Design

Dell pioneered the thin-bezel laptop, but that does not mean they did not have room to improve on their original design over the years. The first several generations featured a webcam at the bottom of the panel, which was flattering to no one. With the proliferation of video chat, such a decision would be a major negative to many people. But thankfully Dell solved that particular issue a couple of generations ago, and the new model continues to pack a 720p webcam in the correct location above the display, with only a slightly taller top display bezel to accommodate the camera. And speaking of the display bezel, Dell has tweaked their design language slightly over the XPS 13 2-in-1, with both the black and white models both featuring a black display bezel on the clamshell XPS 13, which helps it disappear into the background a bit easier than the white bezel on the 2-in-1.


The XPS 13 in Platinum Silver with black carbon fiber

Another nice change over the 2-in-1 version is that Dell is not using their MagLev keyboard design, instead outfitting the XPS 13 with a more traditional scissor-switch keyboard with 1.0 mm of travel. The MagLev has a very short throw, whereas I find the traditional keyboard to be much more reassuring to use.

Dell is offering the XPS 13 in the same color choices as the 2-in-1 as well. The Platinum Silver model features a black carbon fiber keyboard deck with a soft-touch coating, while the Arctic White model features a woven fiber keyboard deck which Dell has treated with a stain and UV resistant coating, to prevent the deck from yellowing with age. The Arctic White is only $49 more, and certainly makes a statement, although it still suffers from the same issue as all white-on-white laptops with white backlighting, which is that the keyboard backlighting can wash out the keys in a bright room. That is a fairly minor negative though, for an otherwise fantastic finish.

The XPS 13 also features an excellent trackpad, offering a very smooth finish, and good precision. Laptop trackpads have come a long way, and part of that is the standardization on the Microsoft Precision touchpad drivers, which Dell employs here.

Dell has eschewed the use of USB Type-A ports, instead offering just a single USB Type-C port on each side of the laptop. This in turn is paired with a 3.5 mm headset jack on the right, and a micro SD card reader on the left. Although the XPS 13 lacks ports in numbers, it somewhat makes up for that with both USB ports supporting Thunderbolt 3, including power delivery. It is unfortunate that the Type-C port has found itself to be so confusing in its capabilities, but with the XPS 13 supporting the full range of protocols, as well as four lanes of PCIe on both ports, that at least is not a liability here. Dell does include a Type-C to Type-A adapter in the box as well, for those that require the larger port. By including power delivery on both sides of the laptop, that also means the XPS 13 can charge on either side, which can be very handy when moving the laptop from place to place.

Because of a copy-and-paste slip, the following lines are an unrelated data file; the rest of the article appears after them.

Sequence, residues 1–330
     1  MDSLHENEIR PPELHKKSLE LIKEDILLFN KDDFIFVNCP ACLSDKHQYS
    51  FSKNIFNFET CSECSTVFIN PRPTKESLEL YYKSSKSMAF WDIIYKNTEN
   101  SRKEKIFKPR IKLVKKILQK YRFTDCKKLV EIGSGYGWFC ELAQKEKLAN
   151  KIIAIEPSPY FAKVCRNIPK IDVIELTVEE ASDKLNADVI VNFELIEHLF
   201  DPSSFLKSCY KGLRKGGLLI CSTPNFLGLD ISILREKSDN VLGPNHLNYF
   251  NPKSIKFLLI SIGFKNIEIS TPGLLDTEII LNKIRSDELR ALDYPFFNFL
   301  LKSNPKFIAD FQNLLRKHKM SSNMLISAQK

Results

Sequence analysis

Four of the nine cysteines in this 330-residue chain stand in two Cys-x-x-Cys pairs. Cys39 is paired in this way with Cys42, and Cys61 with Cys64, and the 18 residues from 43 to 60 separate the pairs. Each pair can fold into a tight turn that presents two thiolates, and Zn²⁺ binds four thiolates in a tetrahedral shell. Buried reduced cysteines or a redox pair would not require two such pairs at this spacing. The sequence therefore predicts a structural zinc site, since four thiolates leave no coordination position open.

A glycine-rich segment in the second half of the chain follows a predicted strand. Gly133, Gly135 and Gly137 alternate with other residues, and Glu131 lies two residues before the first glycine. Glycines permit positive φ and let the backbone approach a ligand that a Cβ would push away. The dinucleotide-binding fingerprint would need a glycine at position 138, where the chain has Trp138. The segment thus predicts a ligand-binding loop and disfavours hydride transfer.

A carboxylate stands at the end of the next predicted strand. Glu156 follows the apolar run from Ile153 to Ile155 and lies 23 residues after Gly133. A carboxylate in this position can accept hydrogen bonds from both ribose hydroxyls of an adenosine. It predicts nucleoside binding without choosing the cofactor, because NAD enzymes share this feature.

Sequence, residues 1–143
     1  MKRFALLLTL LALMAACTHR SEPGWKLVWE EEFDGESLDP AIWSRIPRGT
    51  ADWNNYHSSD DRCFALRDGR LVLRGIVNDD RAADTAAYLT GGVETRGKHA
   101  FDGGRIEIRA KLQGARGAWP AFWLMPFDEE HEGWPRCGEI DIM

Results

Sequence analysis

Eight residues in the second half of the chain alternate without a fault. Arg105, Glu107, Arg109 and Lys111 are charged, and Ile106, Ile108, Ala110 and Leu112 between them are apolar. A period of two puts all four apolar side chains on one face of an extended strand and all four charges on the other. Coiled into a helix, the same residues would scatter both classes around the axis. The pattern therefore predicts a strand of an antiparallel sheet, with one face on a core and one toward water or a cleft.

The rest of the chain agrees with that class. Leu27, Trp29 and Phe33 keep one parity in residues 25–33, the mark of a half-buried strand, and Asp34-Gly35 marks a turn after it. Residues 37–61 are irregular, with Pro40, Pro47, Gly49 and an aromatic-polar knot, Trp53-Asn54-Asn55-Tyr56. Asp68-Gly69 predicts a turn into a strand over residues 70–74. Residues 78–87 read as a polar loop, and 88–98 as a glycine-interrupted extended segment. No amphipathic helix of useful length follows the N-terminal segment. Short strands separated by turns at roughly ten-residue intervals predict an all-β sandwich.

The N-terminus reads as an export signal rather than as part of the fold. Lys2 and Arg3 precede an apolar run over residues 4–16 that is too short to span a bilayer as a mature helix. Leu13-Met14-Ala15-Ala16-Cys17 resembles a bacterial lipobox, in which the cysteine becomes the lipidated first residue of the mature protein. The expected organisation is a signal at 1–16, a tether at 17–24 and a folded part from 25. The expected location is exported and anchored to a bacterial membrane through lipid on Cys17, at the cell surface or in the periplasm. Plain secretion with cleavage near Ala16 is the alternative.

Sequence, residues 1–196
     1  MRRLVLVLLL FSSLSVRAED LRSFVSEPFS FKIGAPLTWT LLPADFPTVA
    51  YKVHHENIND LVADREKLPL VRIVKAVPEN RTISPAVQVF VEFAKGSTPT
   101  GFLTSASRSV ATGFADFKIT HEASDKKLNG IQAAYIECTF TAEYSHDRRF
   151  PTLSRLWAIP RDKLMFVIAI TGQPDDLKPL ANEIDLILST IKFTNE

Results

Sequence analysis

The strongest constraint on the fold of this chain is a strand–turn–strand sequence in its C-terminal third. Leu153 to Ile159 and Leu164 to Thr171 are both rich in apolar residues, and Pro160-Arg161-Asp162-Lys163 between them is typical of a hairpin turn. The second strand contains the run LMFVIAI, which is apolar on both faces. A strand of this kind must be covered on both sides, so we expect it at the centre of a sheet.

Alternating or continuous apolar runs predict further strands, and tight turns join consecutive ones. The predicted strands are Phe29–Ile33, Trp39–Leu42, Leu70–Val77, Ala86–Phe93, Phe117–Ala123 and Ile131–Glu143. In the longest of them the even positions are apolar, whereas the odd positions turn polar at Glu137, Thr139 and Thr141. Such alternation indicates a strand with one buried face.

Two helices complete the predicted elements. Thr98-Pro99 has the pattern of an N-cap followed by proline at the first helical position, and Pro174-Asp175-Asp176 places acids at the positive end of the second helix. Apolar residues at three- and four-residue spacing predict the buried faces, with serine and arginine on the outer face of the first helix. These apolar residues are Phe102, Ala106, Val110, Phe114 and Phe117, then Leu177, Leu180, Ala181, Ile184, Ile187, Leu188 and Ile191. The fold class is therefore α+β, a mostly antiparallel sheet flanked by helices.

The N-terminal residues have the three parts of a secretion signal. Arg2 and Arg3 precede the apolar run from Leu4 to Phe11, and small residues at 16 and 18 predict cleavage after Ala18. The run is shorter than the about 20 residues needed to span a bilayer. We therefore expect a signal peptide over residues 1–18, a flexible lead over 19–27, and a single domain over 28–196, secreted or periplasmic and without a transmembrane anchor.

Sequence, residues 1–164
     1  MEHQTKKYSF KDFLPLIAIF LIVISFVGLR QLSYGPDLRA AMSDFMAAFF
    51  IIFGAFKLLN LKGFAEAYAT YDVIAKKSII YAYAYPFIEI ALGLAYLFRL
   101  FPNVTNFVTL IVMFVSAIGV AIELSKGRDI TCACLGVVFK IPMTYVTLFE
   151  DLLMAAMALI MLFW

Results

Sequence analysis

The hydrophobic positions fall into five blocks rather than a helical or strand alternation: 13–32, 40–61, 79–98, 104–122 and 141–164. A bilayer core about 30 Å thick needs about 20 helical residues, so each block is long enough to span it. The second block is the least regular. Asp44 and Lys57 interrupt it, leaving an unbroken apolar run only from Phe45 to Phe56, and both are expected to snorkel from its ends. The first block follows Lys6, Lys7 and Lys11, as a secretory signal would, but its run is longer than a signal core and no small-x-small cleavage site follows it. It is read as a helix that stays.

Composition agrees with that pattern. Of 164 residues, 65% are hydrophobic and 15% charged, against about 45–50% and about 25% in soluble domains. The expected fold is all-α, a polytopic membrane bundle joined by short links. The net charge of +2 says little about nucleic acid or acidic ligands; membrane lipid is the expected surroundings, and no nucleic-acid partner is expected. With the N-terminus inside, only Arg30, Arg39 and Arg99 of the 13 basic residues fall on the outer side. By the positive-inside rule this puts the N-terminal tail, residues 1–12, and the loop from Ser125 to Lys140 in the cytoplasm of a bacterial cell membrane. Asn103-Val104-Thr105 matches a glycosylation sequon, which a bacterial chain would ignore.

Dell’s design ethos with their XPS lineup has converged across the entire range of XPS laptops, and with great success. The CNC milled aluminum bodies, thin bezels, compact designs, and lightweight chassis make for some of the most compelling devices in the industry. Moving to a 16:10 aspect ration on their XPS line has been yet another design win for Dell, and helps provide the excellent 91.5% screen to body ratio found on this XPS 13 notebook by further shrinking the bottom bezel. Dell has sculpted a clean, sleek, and functional device, and while the rest of the industry has also adopted the thin-bezel design, Dell has really mastered it.

Introduction System Performance
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  • TheinsanegamerN - Thursday, July 16, 2020 - link

    If tiger late is as impressive as ice lake the ryzen 4700u will retain a significant advantage in performance, and I'll believe it releases when I see it. Reply
  • Deicidium369 - Thursday, July 16, 2020 - link

    Much more impressive. 4C Tiger Lake is 17% slower than 8C Renoir - and Xe LP is at least 2x as fast as Gen11 (in Ice Lake) and performs as well as a Nvidia MX350 (hence why Nvidia is pushing out the Turing MX450) - which wrecks the ancient Vega.

    So double the cores and a whopping 17% perf advantage - and much slower iGPU - are we sure that AMD understands the laptop market?
    Reply
  • rhysiam - Thursday, July 16, 2020 - link

    You are doing some gold-standard cherry picking here. Which chart gets you this "17% slower" number you keep quoting as if it's gospel? The 15W thermal envelope is the limiting factor here, so "double the cores" won't net you anywhere near double the performance, nor are they supposed to.